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Frequently Asked Questions
- Will VGA2USB work with USB 1.0 or USB 1.1?
- How can I verify whether my system has USB 2.0?
- How many frames per second can VGA2USB capture?
- Does VGA2USB reduce the resolution of the images it captures in order to transfer it over the USB bus?
- Can VGA2USB work on Windows NT, Windows 3.x/95/98/SE/ME?
- The video mode that I am using is not listed in the list of supported modes for VGA2USB. Can VGA2USB capture it?
- What Linux kernel does VGA2USB support? Is the driver's code open source?
- Can VGA2USB save captured signals as a movie?
- Which AVI codec works best with VGA2USB?
- Images grabbed from some sources appear to be slightly shifted right or left. How this can be fixed?
- Can I connect two or more VGA2USB to one computer and capture signals simultaneously? What is the resulting rate of capture for each VGA2USB?
- With what software can I interpret the digital signal coming out of the USB port of the VGA2USB device?
No. VGA2USB transfers substantial amounts of data for each captured frame. As USB 1.x buses are very slow (12Mb/s), they do not provide sufficient bandwidth for VGA2USB. USB 2.0 buses have a much higher transfer rate (480Mb/s), allowing VGA2USB to acquire and transfer several frames per second.
Please use this procedure to verify that your system has USB 2.0.
It depends on the resolution of your screen, the screen refresh rate, your operating system and the speed of the computer that is acquiring the images. Typical results are between 28 and 2 frames per second.
No. VGA2USB captures and transfers every pixel of the original VGA frame in 16-bit per-pixel RGB format. In this respect, VGA2USB provides better quality than a VGA-to-video converter paired with a Composite or S-Video grabber. You can see comparisons of screen shots taken with VGA2USB here.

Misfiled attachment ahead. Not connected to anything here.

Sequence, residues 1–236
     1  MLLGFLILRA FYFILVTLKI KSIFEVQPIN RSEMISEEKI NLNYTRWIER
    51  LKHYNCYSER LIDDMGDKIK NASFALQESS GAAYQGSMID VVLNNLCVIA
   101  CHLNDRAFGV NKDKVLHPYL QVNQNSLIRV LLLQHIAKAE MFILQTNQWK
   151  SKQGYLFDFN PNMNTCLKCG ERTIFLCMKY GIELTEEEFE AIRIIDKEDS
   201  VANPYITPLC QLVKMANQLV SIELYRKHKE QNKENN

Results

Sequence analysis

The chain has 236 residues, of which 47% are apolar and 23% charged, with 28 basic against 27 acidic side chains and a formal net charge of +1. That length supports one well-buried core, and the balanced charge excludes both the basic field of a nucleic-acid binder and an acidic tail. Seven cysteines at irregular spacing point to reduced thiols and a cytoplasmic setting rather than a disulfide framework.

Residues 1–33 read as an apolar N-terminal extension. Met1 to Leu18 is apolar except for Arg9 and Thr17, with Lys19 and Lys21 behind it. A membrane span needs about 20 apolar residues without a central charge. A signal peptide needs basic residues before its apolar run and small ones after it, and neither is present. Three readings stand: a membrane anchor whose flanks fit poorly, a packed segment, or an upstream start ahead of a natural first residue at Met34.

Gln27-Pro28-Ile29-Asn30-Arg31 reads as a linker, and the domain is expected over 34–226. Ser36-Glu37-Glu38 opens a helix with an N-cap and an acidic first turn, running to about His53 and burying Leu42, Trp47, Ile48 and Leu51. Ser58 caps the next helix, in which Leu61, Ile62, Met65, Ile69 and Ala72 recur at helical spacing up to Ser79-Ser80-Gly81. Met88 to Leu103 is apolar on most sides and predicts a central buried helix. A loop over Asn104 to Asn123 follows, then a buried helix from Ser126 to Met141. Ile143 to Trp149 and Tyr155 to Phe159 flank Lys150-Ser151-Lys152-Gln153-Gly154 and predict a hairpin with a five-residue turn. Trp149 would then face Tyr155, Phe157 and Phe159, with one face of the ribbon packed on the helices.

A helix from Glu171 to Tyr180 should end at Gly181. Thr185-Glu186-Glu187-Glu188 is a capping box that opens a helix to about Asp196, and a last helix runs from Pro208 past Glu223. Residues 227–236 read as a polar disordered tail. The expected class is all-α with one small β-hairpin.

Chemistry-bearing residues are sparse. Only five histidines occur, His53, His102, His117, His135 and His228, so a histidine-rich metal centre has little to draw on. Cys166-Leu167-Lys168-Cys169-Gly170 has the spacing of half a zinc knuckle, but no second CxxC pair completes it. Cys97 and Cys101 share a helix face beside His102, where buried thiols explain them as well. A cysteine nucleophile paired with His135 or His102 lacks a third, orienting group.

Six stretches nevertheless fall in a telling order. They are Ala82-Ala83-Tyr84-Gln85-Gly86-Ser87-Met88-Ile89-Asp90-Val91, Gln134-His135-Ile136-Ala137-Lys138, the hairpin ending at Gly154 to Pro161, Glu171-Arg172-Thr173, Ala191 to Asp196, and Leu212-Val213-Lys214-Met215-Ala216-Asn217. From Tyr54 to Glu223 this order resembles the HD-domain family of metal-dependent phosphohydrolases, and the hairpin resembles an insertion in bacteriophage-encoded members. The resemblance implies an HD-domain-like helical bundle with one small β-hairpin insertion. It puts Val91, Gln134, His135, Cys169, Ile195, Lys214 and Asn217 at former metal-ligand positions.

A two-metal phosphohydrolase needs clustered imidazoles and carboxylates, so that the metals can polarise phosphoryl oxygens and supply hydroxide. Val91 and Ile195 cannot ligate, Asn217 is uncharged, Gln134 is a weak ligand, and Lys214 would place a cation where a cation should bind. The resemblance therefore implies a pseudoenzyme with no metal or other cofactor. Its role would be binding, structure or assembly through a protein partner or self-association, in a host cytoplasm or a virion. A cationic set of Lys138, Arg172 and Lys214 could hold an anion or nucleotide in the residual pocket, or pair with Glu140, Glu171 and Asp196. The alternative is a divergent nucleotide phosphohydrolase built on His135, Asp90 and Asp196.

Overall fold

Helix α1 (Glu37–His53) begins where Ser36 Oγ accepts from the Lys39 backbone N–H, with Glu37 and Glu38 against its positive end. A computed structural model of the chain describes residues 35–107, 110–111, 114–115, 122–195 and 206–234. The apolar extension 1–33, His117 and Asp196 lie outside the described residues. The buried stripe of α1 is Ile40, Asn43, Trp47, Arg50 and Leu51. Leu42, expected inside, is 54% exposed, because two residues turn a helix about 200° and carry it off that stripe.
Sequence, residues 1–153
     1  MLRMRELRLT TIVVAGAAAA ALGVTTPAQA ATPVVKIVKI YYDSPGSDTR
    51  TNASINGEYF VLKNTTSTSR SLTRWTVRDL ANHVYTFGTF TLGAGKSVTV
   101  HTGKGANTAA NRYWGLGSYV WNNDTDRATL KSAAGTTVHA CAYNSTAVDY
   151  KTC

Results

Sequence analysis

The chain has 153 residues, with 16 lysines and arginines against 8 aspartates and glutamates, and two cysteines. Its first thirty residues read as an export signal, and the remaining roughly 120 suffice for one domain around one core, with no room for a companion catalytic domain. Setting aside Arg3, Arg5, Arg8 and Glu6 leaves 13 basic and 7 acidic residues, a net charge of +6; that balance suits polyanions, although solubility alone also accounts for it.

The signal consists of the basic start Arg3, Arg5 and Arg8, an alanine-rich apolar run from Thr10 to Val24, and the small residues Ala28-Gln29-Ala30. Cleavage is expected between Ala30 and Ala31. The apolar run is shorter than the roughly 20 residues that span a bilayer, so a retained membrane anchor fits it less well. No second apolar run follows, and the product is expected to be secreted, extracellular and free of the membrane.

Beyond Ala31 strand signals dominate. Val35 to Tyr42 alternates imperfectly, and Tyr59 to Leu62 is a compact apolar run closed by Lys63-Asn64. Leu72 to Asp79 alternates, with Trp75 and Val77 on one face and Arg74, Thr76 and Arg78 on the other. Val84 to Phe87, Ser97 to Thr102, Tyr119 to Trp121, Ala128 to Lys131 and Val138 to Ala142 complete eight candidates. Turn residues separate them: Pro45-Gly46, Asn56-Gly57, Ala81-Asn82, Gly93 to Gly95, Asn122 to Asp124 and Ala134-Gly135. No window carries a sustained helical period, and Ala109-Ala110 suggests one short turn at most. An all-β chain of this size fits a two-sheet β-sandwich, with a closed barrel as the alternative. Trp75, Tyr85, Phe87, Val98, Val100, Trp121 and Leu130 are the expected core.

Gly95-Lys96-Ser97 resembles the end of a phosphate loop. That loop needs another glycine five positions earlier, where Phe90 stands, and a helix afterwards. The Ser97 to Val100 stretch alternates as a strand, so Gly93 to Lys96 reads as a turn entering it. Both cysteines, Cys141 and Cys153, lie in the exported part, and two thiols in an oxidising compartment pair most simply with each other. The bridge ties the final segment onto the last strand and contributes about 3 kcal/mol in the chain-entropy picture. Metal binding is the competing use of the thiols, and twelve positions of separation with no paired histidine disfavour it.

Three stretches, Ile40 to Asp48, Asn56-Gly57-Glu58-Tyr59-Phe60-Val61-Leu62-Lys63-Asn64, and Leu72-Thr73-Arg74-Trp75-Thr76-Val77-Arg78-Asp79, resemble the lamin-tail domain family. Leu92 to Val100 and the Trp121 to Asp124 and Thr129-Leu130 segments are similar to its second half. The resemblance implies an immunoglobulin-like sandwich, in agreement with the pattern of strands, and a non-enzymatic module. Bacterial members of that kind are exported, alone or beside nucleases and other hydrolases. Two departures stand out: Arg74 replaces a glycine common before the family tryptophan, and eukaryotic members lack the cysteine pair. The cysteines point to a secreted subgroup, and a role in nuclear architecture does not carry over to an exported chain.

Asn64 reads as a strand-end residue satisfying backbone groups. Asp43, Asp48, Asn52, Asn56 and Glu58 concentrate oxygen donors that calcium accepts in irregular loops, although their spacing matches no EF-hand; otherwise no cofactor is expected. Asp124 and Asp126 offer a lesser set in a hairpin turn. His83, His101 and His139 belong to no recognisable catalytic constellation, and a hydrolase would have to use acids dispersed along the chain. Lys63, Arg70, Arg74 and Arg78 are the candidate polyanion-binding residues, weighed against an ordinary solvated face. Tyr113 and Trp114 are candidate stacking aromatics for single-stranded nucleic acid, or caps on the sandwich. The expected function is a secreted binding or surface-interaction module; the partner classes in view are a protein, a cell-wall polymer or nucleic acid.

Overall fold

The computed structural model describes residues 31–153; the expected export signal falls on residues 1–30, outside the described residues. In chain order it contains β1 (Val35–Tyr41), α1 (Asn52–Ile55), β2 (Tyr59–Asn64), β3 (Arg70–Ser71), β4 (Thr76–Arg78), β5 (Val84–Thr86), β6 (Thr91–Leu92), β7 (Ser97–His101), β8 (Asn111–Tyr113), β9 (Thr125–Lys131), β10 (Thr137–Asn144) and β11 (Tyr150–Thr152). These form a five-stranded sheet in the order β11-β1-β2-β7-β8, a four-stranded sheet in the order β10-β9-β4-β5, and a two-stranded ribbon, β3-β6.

No. Unfortunately, some of those systems have very poor support or no support at all for the USB 2.0 bus.
Please contact us. We are always looking for ways to improve our system and may be willing to add support for this mode.
Although we provide a Linux SDK (API for driver and examples), we do not provide source code for the driver itself. Please contact us if you need a driver compiled for a specific kernel version or kernel setting.
Yes, the VGA2USB application has the ability to save captured signals as an AVI file.
The choice of codec and codec settings depend on the requirements for the quality of the AVI. You may need to try several codecs with different settings to see which codec best fits your task. We suggest using the Indeo 5.10 codec with 50% quality settings for a good compromise between compression rate, image quality and required CPU power.
VGA2USB has an automatic algorithm that crops visible images from the VGA frame. The algorithm may make a mistake, however, and be off by a few pixels. Please use the procedure described in this image to correct cropping.
Yes you can connect two or more VGA2USB devices and capture multiple signals simultaneously. You will need to run the VGA2USB application for each VGA2USB device attached. You will, however, notice a significant difference in frame rate for each additional active VGA2USB. The higher the performance of your computer, the better the possible frame rate. Our internal testing on a Dell Dimension 2400 (Celeron 2.4GHz processor, 512mb RAM) at 1024x768 with two VGA2USB devices yielded average frame rates of 7.1 fps and 4 fps. In contrast, a Pentium 4, 3.0Ghz desktop with 512MB of RAM at 1024 x 768 yielded average frame rates of 9.52 fps and 5.85 fps. Please note that you must start the VGA2USB application after connecting each VGA2USB.
The VGA2USB frame grabber works by emulating a high resolution video camera for Windows. VGA2USB is a DirectShow compatible device, which means that virtually any video capture software designed for Windows is compatible with VGA2USB. For example, VirtualDUB can be used to record .avi files, Microsoft Media Encoder to record .wmv files, and RealProducer to record .rm files.